What the Globe and Mail is not telling you about Stephen Harper's cabinet

The mainstream media’s obsequious coverage of the Stephen Harper cabinet is enough to give you indigestion.

We have repeatedly been told that his appointments reflected “stability”—as if any alternative to these climate-change-denying buffoons should be equated with chaos.

Take this snippet from John Ibbitson’s column in this morning’s Globe and Mail:

“Maturity begets maturity, as the Prime Minister relied on his ablest veterans to keep the government on track and out of trouble. The choices not only show Mr. Harper growing in his job after five years in it; they reveal as well the importance of picking former Bay Street executive Nigel Wright as chief of staff.”

The Globe and Mail has emerged as one of the chief cheerleaders of the Harper government. Here’s how the paper described some "key players" on the team.

Christian Paradis, Minister of Industry

Globe: “A solid performer in the House of Commons, he avoided trouble at Natural Resources even as some wondered how the Quebecker would manage the oil-sands file.”

The unmentionable truth: As the minister of natural resources, Paradis defended his role in a scandal about the tampering of access-to-information requests by an aide, and refused to resign. Paradis offered up the excuse that he made the information commissioner aware of this situation.

Tony Clement, President of the Treasury Board

Globe: “He built a huge profile as the populist industry minister: protecting Canadian firms from multinational takeovers and consumers from excessive Internet bills.”

The unmentionable truth: Clement enraged producers and users of alternative medicine by introducing a bill to amend the Food and Drug Act, which would outlaw up to 60 percent of natural-health products on the market. Let's not even talk about the $50 million that went into his riding before the G8 and G20 summits.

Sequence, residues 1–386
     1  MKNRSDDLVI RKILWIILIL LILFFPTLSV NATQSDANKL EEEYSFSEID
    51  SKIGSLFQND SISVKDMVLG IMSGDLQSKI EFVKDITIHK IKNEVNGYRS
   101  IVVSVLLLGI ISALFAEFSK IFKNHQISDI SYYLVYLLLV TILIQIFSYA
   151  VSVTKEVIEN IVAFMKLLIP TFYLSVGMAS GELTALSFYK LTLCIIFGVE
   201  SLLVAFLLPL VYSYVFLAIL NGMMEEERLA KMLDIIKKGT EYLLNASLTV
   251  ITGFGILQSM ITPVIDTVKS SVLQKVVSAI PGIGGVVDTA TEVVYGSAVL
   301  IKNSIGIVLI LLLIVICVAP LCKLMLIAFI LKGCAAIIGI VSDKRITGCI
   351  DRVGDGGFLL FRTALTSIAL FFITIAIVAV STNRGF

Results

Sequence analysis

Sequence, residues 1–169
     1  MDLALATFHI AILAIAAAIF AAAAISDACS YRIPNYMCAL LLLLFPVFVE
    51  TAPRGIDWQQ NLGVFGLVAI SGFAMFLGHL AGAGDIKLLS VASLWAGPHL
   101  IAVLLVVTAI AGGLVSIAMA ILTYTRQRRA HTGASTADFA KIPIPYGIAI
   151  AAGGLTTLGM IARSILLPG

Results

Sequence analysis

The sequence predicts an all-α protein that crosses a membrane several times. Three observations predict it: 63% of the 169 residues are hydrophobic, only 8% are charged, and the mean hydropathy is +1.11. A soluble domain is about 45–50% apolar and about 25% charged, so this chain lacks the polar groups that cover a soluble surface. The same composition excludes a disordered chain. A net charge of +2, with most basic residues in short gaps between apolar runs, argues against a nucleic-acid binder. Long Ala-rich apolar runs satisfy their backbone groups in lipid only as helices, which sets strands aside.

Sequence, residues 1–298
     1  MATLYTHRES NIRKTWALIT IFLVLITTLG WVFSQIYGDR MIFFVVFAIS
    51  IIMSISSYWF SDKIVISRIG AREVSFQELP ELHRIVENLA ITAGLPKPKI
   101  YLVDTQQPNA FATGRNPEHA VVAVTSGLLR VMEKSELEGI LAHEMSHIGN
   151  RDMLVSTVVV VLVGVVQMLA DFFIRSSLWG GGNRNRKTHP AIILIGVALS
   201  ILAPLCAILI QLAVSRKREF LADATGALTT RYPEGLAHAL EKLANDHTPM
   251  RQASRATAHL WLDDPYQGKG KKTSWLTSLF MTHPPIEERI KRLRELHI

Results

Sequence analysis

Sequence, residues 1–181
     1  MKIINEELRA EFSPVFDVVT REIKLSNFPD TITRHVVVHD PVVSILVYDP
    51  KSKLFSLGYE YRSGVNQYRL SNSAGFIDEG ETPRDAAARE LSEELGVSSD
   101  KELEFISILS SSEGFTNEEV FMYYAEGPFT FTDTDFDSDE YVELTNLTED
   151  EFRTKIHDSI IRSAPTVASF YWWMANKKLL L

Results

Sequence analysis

Jim Flaherty, Minister of Finance

Globe: “Having campaigned on the theme of economic stability, the Prime Minister could hardly yank the Finance Minister. Mr. Flaherty has earned a solid reputation internationally during the international economic crisis.”

The unmentionable truth: Flaherty has posted the largest budget deficits in Canadian history.

Lisa Raitt, Minister of Labour

Globe: “After a controversy-filled run at Natural Resources, Lisa Raitt’s 2010 demotion to the much smaller Labour portfolio was seen as temporary. After Wednesday’s shuffle, she’s still there. Ms. Raitt arrived in Ottawa as a rising star but now she is one of several Toronto-area Conservatives with solid backgrounds who could move up in the future.”

The unmentionable truth: Raitt left a binder of secret documents about nuclear safety on a television news desk and later called the medical-isotopes crisis sexy, even though it meant that cancer patients might go without treatment.

Bev Oda and Maxime Bernier are on the team, but the Globe doesn't consider them "key players".